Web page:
Donald Trump Says Tennessee Senator Is Retiring Because He Refused Endorsement
President Donald Trump said on Sunday that Sen. Bob Corker (R-Tenn.) is retiring from office because Trump refused to endorse him for re-election next year ― a claim that a source familiar with the matter disputed.
Trump said on Twitter that Corker, an increasingly vocal critic of the president, had “begged” for his blessing.
Senator Bob Corker "begged" me to endorse him for re-election in Tennessee. I said "NO" and he dropped out (said he could not win without...— Donald J. Trump (@realDonaldTrump) October 8, 2017
In a pair of subsequent tweets, Trump said he had denied Corker’s request to be named secretary of state, and that the two-term senator is “also largely responsible for the horrendous Iran Deal!” He concluded that Corker, 65, would “be a negative voice and stand in the way of our agenda.”
..my endorsement). He also wanted to be Secretary of State, I said "NO THANKS." He is also largely responsible for the horrendous Iran Deal!— Donald J. Trump (@realDonaldTrump) October 8, 2017
...Hence, I would fully expect Corker to be a negative voice and stand in the way of our great agenda. Didn't have the guts to run!— Donald J. Trump (@realDonaldTrump) October 8, 2017
Corker responded on Twitter, saying the White House “has become an adult day care center.”
He added: “Someone obviously missed their shift this morning.”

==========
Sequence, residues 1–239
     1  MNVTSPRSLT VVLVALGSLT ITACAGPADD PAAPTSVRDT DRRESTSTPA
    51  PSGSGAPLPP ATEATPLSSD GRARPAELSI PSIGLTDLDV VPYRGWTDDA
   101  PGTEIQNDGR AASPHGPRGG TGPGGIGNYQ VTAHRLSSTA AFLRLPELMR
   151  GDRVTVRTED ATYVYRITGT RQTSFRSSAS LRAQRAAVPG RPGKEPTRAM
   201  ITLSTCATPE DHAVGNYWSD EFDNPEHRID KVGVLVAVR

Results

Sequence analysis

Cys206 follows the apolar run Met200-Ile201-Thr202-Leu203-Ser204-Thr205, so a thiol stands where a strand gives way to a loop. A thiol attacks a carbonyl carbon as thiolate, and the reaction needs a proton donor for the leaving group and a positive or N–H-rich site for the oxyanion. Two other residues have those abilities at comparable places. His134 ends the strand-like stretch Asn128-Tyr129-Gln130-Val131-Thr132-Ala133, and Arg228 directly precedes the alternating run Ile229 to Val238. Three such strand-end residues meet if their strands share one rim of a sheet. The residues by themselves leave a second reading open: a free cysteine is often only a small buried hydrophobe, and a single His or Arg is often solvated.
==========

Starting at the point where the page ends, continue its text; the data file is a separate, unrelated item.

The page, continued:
It's a shame the White House has become an adult day care center. Someone obviously missed their shift this morning.— Senator Bob Corker (@SenBobCorker) October 8, 2017
A source familiar with Trump’s conversations with Corker contradicted the president’s version of events, claiming instead that Trump had actually called Corker last week asking him to reconsider his decision not to run for re-election.
As chairman of the Senate Foreign Relations Committee, Corker brokered a bipartisan deal in April 2015 allowing a congressional review of then-President Barack Obama’s nuclear deal with Iran. But it is not clear that Corker’s compromise played a major role in securing the agreement. The Iran deal went on to survive a GOP effort to kill it in the Senate thanks to a Democratic filibuster, not the support of Corker or any other Republican.
Since Trump’s election, however, Corker has counseled Trump to “radically enforce” the agreement rather than tear it up.
Corker in August took Trump to task for his ambiguous response to the violent white supremacist rally in Charlottesville, Va., saying the president “has not yet been able to demonstrate the stability nor some of the competence that he needs to demonstrate in order to be successful.”
Since announcing his retirement in September, Corker has continued his negative assessments of Trump. Secretary of State Rex Tillerson, Secretary of Defense Jim Mattis and White House chief of staff John Kelly “are those people that help separate our country from chaos,” Corker told reporters on Wednesday.
White House budget director Mick Mulvaney responded diplomatically on NBC’s “Meet the Press” when asked about Corker’s “chaos” comments.
“I enjoy working with Sen. Corker,” Mulvaney told host Chuck Todd. “I think it’s going to be fun to work with him, especially now that he’s not running for re-election, because I think it sort of unleashes him to do whatever ― and say whatever ― he wants to say. But I don’t think we’re that close to chaos anyway.”
Corker’s Senate seat is favored to remain in Republican hands. GOP Rep. Marsha Blackburn announced on Thursday her intention to run for it.
Igor Bobic contributed reporting.
- This article originally appeared on HuffPost.